Metro North plan change considered by Government
More of 17km track could be underground under revised proposals for airport rail link
The underground element of the Metro North route was cut back in 2015 by then minister for transport Paschal Donohoe on cost grounds. File photograph: Alan Betson
The Government is once again considering revising the scope of the long-planned Metro North rail link between Dublin city centre, Dublin Airport and Swords as part of its €115 billion capital plan.
The underground element of the 17km route was cut back in 2015 by then minister for transport Paschal Donohoe on cost grounds.
However, informed sources last night said that under the revised proposals more of the track could end up being subterranean. This comes amid controversy in Dublin over traffic issues arising from the new Luas cross-city line.
The change has been discussed at the highest levels of Government, although well-placed sources said the capital plan, which sets out intended infrastructure spending for the next decade, has not yet been finalised. It is due to be published on Friday.
Ministers have also examined increases in train capacity, such as ordering about 100 extra carriages for the Drogheda and Maynooth commuter lines, both of which are scheduled to be electrified as part of the expansion of the Dart system. Hybrid electric and diesel trains could be brought into service in advance of the electrification of the line.
Hundreds of millions of euro will also be spent on rural roads, to offset the major transport projects being focused on Dublin. About 80 per cent of road investment will be outside Dublin.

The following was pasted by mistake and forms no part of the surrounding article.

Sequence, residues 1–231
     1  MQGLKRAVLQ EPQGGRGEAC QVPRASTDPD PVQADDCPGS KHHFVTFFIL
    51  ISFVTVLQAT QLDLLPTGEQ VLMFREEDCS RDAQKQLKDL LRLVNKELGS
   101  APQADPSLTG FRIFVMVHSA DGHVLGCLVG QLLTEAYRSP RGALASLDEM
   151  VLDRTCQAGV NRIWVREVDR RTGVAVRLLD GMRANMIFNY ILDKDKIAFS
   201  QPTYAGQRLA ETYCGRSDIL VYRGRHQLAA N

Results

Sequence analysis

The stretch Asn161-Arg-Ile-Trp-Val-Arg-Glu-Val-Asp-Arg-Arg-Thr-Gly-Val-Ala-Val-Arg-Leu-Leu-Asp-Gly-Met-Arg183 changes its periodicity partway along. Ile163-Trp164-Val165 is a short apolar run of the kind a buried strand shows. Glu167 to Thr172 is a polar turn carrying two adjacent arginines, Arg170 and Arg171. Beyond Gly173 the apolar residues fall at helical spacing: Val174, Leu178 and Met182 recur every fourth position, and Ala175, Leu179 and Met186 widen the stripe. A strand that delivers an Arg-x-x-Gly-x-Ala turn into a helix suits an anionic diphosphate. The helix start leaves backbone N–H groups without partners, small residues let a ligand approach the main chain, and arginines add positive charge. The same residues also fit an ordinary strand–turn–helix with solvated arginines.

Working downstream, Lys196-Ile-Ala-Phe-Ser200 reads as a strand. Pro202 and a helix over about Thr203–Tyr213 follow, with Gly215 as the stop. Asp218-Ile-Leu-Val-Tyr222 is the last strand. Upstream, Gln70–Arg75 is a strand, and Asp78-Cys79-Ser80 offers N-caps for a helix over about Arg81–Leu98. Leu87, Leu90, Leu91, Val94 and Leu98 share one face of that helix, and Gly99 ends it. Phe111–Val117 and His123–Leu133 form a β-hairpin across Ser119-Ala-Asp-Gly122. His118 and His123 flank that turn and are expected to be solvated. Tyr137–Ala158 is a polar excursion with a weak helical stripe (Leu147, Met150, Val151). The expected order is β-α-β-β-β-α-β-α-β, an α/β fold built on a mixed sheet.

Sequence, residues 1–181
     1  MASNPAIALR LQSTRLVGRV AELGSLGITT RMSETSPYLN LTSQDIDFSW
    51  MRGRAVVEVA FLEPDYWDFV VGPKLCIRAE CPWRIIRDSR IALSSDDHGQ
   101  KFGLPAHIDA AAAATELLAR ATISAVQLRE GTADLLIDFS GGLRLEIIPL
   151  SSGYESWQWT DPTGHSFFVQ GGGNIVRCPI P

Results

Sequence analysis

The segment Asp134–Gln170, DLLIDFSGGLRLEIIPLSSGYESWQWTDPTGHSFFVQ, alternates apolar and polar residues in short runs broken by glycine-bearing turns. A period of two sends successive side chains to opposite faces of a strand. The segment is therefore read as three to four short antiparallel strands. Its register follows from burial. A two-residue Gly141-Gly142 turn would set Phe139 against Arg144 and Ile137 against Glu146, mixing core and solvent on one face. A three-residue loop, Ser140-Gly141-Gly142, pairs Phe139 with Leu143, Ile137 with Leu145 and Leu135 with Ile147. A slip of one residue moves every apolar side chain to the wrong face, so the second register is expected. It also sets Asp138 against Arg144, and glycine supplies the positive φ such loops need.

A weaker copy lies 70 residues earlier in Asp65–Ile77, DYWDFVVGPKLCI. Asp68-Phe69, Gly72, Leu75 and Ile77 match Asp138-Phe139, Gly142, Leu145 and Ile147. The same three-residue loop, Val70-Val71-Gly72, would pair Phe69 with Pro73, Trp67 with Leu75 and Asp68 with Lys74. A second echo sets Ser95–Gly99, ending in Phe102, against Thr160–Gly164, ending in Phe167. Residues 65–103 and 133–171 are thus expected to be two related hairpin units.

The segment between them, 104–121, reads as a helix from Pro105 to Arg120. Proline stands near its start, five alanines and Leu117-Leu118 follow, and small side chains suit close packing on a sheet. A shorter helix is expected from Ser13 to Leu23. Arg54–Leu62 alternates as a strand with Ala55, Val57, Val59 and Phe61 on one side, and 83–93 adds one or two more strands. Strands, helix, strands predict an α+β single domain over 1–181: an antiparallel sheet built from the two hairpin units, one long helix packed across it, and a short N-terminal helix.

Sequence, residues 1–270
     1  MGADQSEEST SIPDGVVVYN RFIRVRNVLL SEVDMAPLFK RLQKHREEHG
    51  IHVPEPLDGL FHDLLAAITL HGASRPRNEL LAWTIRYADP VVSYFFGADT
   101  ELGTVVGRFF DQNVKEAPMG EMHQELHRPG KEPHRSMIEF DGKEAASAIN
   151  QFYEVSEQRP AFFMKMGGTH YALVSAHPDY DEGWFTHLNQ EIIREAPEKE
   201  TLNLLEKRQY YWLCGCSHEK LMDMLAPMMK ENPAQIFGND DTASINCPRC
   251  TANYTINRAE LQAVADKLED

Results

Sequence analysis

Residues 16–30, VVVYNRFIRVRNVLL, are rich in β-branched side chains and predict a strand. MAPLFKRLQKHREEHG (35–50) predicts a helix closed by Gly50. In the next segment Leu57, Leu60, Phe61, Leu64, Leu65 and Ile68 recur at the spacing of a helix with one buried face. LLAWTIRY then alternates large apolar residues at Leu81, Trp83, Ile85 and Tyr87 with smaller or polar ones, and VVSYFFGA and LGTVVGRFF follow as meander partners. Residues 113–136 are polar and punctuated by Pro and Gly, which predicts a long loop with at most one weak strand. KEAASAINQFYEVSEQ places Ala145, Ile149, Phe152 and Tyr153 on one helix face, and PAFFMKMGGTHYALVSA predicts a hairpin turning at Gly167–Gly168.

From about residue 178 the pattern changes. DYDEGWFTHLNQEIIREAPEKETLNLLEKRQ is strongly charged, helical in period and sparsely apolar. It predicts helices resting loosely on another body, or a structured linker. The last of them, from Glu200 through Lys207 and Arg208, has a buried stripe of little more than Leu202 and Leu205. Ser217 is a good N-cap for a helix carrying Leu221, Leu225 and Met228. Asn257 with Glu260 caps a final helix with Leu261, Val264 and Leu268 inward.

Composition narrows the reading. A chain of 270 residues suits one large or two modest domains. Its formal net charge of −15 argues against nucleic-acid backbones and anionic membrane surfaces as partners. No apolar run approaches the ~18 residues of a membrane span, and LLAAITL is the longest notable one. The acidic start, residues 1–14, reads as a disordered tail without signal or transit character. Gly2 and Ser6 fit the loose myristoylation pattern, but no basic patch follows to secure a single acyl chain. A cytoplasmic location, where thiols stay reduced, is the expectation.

In the health sector, a significant investment in developing electronic patient records as part of an initiative known as “ehealth” is under consideration.
The Irish Times reported last week that the Government plans to develop a new acute hospital in Cork. There will also be three new elective-only hospitals developed in Galway, Cork and Dublin.
A new land-management agency is also expected to be announced as part of the national planning framework. Sources said it would co-ordinate and “take on” the development of State-owned land, such as that held by councils and State agencies. It will also have the power to acquire privately-owned lands through compulsory purchase orders (CPOs). It is understood the agency will also have the power to rezone land for specific purposes to encourage “strategic” development in certain areas.
It was pointed out that the use of CPOs would not necessarily be used to encourage the construction of more homes, but because the State may envisage different uses for particular sites than they are currently used for.
Minister of State for the Office of Public Works Kevin ‘Boxer’ Moran said his hometown of Athlone would be designated “capital of the midlands” in the planning framework. He said he had personally intervened to ensure the designation.